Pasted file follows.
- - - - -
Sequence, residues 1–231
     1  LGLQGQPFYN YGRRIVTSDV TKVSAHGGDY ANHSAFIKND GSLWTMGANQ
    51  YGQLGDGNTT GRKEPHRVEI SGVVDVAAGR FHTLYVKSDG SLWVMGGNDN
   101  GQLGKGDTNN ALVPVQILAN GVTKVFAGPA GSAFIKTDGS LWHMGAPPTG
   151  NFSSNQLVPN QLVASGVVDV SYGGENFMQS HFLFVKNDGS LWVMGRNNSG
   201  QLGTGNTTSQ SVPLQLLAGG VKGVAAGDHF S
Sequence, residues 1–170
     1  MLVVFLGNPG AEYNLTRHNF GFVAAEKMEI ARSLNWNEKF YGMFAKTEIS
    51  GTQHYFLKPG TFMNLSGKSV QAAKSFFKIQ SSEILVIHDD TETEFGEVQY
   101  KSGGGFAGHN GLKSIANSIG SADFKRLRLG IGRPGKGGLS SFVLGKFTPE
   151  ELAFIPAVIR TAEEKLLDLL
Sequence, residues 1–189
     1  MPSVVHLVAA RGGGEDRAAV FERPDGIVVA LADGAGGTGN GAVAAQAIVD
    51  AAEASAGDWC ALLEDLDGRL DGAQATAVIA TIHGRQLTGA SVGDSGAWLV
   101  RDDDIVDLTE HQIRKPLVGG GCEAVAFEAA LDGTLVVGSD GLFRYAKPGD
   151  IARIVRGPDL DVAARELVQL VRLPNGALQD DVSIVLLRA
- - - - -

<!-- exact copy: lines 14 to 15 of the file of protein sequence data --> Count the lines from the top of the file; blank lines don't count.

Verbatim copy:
    51  AAEASAGDWC ALLEDLDGRL DGAQATAVIA TIHGRQLTGA SVGDSGAWLV
   101  RDDDIVDLTE HQIRKPLVGG GCEAVAFEAA LDGTLVVGSD GLFRYAKPGD